**Explanation**: Notes on Special Elements of Posets

Please note that a maximum or minimum of $S$ do not have to exist. For instance, the chain of integers $(Z,\ge)$ neither has a maximum, nor a minimum. However, if a maximum or a minimum of $S$ exist, then they are unique, which follows immediately from their definition. For instance, if $g$ and $g’$ were two maxima, then $g\prec g’$ and $g\succ g’$ would follow by definition. Therefore, $g’=g,$ and thus $g$ is unique.

Moreover, lower and upper bounds of $S$ do not have to be the elements of $S.$ For instance, $1$ is an upper bound of the set of all negative real numbers, but $1$ is not a negative real number. The same holds for the infimum and the supremum. To take the same example, $0$ is a supremum of all negative real numbers but it is still not a negative real number.

Below, a Hasse diagram of a simple poset $V:\{a,b,c,d,e,f,g\}$ is given, in which the elements of the subset $S=\{a,b,c,d,e\}$ are drawn as dark nodes:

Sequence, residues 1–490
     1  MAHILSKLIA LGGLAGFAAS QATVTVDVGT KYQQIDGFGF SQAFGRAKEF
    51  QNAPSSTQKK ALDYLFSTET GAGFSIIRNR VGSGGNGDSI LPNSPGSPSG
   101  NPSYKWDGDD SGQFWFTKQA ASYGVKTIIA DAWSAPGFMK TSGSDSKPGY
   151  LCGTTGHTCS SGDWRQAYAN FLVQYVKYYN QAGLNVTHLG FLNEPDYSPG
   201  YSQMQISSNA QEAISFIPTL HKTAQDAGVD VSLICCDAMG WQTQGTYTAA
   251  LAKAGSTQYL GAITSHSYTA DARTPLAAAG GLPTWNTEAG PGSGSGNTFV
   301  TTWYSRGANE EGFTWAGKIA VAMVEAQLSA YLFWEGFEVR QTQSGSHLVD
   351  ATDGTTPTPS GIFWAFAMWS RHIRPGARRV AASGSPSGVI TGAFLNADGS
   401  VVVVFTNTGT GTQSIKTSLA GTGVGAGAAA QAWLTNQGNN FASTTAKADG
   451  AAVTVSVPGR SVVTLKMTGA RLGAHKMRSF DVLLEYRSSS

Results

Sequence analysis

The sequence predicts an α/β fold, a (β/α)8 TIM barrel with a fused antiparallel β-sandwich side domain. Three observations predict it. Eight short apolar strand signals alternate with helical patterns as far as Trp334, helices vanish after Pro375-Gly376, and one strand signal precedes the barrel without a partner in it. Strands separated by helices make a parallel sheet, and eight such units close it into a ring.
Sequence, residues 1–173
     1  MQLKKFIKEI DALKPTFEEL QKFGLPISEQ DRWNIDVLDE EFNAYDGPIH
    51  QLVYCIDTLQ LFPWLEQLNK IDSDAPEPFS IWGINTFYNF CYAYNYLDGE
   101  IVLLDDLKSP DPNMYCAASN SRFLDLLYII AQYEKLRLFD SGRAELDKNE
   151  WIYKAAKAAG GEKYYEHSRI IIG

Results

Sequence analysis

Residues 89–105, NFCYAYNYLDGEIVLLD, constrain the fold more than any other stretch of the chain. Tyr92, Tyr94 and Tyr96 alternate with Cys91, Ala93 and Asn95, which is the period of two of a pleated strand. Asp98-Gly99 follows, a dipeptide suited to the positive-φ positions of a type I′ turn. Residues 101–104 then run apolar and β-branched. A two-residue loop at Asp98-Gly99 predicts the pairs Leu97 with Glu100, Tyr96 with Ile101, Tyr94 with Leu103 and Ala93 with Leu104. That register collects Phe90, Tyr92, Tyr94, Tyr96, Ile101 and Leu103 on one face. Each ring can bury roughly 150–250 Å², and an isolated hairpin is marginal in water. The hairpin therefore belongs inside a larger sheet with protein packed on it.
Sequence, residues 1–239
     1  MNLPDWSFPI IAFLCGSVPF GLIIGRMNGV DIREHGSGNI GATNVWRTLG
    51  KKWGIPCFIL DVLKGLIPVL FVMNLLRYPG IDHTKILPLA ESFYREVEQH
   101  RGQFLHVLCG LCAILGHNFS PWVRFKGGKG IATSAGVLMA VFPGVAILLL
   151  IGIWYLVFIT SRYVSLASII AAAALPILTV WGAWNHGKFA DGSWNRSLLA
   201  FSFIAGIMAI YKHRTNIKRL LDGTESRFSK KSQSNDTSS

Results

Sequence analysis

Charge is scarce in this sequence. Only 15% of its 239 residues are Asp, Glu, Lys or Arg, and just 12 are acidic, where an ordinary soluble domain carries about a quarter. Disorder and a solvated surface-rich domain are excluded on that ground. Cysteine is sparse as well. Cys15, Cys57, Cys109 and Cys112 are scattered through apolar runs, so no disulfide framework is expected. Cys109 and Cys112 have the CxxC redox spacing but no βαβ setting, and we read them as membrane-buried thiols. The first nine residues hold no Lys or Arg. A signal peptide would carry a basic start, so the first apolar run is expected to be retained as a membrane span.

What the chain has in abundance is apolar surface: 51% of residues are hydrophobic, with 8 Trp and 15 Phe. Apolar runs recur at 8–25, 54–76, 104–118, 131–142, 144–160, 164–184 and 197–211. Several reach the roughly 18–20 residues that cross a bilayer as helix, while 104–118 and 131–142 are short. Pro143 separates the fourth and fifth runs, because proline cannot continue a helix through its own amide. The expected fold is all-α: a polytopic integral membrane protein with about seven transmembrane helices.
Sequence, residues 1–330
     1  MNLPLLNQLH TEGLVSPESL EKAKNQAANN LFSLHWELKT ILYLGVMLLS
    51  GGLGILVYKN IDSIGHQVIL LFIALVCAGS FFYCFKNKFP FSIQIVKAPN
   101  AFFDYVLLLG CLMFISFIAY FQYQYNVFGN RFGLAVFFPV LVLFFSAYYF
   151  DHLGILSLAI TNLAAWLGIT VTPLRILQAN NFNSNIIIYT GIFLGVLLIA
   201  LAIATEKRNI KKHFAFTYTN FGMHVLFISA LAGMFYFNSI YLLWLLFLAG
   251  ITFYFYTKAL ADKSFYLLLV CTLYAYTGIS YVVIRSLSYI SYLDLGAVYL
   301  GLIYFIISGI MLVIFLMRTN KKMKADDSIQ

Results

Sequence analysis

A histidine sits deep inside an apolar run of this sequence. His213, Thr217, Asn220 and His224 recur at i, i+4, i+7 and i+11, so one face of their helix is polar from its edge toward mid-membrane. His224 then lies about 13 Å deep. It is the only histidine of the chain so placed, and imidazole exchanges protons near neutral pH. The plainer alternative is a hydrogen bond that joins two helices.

In this poset, the following observations can be made:

- $g$ is a maximum of $V$ and, at the same time, its supremum.
- $a$ is a minimum of $V$ and of $S.$ It is also a minimal element and an infimum of both sets.
- $S$ has no maximal element, but $d$ and $e$ are maximal in $S.$
- $\sup(S)=f,$ $\sup(V)=g,$
- $S^u=\{g,f\},$ $V^u=\{g\},$ $S^l=V^l=\{a\}.$

| | | | Contributors: *bookofproofs* | References: [577], [979]

[577] **Knauer Ulrich**: “Diskrete Strukturen – kurz gefasst”, Spektrum Akademischer Verlag, 2001

[979] **Reinhardt F., Soeder H.**: “dtv-Atlas zur Mathematik”, Deutsche Taschenbuch Verlag, 1994, 10

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